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Metal Fabrication students create a smoker that is truly a functional work of art

Proudly displaying their creation, left to right, Metal Fab students Zachary Phinney , Ben Scott, Shane McDonagh and John Leonard.   Photo courtesy Brian Gearty 

By Judy Bass

Smoking, as it pertains to cooking food, is defined as “the process of flavoring, browning, cooking, or preserving food by exposing it to smoke from burning or smoldering material, often wood.” You would be able to do all that with flair if you used a certain one-of-a-kind smoker entirely built by hand, piece by piece, by high school students. Not only is it functional, but it also happens to be a visual knockout.

“I’ve been watching this come together for some time now,” said Blue Hills Superintendent James P. Quaglia, “and at some critical point it went from becoming not just functional, but a work of art.  Creations like this remind me that we need to push the envelope on an artistic side more often.”

With this beautifully crafted smoker in mind, Blue Hills Principal Jill M. Rossetti spoke of the superb technical training that all Blue Hills students receive. She said, “Our Career and Technical Education (CTE) programs produce students who, upon graduation with a high school diploma, can enter the workforce and/or go on to earn more certifications in their fields. Blue Hills provides high quality, hands-on vocational programs and academics to students so they can have a competitive advantage at work or careers. We prepare students for the lifestyles they dream about and the careers they love.” 

The smoker was created with meticulous care by four juniors in the Metal Fabrication and Joining Technologies program at Blue Hills Regional Technical School in Canton and painted by a group of freshmen in the school’s Auto Collision Repair & Refinishing program.

The Metal Fabrication students were John Leonard (Dedham), Ben Scott (Braintree), Zachary Phinney (Holbrook) and Shane McDonagh (Braintree).

Ninth-graders Salma Abdelrahman (Braintree), Jasen DiLetizia (Canton), Kenneth Fernald (Braintree), James Graziano (Holbrook), Domenic Schiavo (Norwood) and Elizabeth Pierce (Holbrook) did the handsome paint job. Blue Hills Lead Auto Collision Repair & Refinishing instructor, Dwight Seaman, said, “The freshman Collision Repair and Refinishing class was able to assist Metal Fabrication in the completion of the tow-around grille/smoker. They used material not commonly used in Collision Repair. That material was grille heat paint. The prior knowledge they had with automotive refinishing made it easy to adjust to a different application. These are great jobs for the students. They can now look outside the box a little and don't think they can only work on vehicles. [Auto Collision instructor] Robert DeMarco did the hand pin-striping for its final touches."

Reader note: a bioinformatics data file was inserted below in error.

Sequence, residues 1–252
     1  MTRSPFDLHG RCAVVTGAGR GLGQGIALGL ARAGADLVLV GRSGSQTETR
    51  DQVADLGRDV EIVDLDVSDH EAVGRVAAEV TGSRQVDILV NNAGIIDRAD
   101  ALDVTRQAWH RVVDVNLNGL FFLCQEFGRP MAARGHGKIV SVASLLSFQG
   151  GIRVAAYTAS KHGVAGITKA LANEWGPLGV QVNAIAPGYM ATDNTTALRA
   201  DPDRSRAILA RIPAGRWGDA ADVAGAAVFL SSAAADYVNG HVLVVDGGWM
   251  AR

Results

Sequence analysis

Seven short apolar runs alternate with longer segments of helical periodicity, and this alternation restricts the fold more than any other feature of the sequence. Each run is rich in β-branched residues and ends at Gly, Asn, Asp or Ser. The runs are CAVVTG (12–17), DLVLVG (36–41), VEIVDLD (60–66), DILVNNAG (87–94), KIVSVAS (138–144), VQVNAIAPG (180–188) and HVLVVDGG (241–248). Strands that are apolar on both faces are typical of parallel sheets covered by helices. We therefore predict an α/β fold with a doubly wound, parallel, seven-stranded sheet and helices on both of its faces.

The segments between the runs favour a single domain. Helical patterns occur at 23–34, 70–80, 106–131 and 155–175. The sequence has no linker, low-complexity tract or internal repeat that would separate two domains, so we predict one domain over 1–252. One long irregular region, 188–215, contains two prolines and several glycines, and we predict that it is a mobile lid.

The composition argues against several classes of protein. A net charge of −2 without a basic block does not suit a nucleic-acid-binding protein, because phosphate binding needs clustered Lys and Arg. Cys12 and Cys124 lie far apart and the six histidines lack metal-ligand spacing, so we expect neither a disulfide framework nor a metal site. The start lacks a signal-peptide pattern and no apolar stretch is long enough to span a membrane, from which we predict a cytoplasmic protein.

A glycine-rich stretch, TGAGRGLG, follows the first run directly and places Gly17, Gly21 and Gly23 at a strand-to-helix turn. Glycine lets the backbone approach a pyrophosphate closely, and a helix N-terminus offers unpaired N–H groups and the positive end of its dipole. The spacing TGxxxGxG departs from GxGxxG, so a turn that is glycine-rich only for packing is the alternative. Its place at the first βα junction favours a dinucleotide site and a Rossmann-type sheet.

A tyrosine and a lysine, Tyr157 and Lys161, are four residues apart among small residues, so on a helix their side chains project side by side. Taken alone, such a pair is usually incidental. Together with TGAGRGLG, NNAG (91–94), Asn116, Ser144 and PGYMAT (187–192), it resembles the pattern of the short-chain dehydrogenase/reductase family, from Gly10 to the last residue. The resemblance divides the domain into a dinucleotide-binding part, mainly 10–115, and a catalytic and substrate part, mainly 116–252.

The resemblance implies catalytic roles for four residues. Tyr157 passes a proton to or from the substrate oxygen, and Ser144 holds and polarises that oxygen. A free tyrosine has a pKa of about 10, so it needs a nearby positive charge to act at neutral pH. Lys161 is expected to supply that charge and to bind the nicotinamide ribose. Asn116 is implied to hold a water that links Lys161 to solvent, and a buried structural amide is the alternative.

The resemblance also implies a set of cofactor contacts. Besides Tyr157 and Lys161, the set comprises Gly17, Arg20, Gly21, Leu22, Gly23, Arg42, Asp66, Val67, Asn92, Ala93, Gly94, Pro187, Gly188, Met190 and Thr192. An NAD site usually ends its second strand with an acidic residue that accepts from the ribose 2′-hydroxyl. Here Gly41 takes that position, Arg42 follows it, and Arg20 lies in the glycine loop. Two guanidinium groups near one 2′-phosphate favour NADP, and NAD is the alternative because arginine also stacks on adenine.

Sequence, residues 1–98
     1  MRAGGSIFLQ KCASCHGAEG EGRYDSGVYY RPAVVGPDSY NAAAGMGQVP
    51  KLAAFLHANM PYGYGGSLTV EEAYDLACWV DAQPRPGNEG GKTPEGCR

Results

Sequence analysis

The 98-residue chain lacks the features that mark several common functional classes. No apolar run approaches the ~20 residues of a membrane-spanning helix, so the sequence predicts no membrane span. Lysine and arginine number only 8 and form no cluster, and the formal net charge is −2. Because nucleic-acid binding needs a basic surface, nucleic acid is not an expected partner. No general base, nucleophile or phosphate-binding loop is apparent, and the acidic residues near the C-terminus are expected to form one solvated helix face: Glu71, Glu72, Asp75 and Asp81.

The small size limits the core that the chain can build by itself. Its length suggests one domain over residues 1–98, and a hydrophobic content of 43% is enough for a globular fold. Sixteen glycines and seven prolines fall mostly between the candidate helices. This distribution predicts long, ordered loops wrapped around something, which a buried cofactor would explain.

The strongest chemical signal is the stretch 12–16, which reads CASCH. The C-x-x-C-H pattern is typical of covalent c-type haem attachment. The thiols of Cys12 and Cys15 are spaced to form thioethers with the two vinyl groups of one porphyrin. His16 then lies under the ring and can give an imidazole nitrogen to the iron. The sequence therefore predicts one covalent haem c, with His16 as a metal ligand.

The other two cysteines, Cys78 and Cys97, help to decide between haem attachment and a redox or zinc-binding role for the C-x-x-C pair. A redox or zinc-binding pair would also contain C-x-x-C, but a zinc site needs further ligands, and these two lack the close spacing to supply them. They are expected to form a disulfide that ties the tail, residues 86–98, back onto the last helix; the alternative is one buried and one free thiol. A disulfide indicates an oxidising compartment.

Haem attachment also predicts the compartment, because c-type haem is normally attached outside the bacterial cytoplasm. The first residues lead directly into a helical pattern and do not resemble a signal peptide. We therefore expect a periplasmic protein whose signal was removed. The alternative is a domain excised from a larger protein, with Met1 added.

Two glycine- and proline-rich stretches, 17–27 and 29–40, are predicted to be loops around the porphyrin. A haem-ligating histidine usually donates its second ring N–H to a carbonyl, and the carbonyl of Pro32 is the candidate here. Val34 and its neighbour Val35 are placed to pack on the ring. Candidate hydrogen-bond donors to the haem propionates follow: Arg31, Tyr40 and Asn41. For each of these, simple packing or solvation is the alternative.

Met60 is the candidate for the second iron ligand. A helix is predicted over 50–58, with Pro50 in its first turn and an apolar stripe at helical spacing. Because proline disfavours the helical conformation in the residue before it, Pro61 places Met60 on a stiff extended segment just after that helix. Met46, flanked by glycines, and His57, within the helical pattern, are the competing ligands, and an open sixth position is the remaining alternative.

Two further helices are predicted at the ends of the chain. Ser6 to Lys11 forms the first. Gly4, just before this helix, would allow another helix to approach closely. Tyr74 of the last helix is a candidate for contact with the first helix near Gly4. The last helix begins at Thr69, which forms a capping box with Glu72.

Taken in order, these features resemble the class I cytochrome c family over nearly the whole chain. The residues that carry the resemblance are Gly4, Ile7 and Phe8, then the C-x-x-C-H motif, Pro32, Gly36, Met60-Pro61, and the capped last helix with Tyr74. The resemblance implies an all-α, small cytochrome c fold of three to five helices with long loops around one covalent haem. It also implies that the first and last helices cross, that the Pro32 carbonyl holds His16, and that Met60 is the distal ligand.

It is a stunner, adorned with colorful, Western-style motifs on the barrel of the apparatus. There is also a trailer so it can be transported easily from place to place.

Although this unique item is not for sale, one of the students mentioned that Lead Metal Fabrication Teacher Brian Gearty said it would be priced at not less than a cool $3,500 if it were on the market.

The project took up most of the school year, the students said. They worked on it every week that they were in their vocational class. They were often pulled off the project to help with Freshman Exploratory. (At vocational high schools, students typically alternate from week to week between their academic classes and their vocational program.)

Jack Leonard said, “If we had less time to work [on any given day], we did the smaller stuff.”  Tasks were meted out between them unceremoniously on a simple “you do this, you do that” basis, according to who was most skillful at a particular assignment. Ben and Shane did the trailer, while Zack and Jack worked on the smoker. Jack also constructed the firebox.

The dimensions and specifications came from a web site about how to build a smoker, the students explained. The smoker unit and firebox measure 62 ¼ inches. The barrel portion is 26 inches wide and the smoker stands 33 inches tall.

 As of mid-June, only one test remained – actually using the smoker.

 The students’ Metal Fabrication teachers were extremely impressed with what the four were able to accomplish. “They really knocked it out of the park on this one.” said instructor Matthew Siwik. “It’s our job to give them the basic tools and skills to think and create on their own. Like Leonardo da Vinci said, ‘Poor is the pupil who does not surpass his master.’ These students are on the right path. I’m very proud of them.”

 “I have been an instructor here for 19 years,” said Mr. Gearty.  “To see the dedication and teamwork that these four particular students demonstrated was astonishing. The quality of the product comes through; the attention to every detail shows. I know that each one of these students is proud of the work they have done, as they should be. Over the past three years, they have developed into skilled fabricators. It is a pleasure to teach students like Ben, Jack, Shane and Zack, who are eager to learn. They will be very successful in this trade and in life.”



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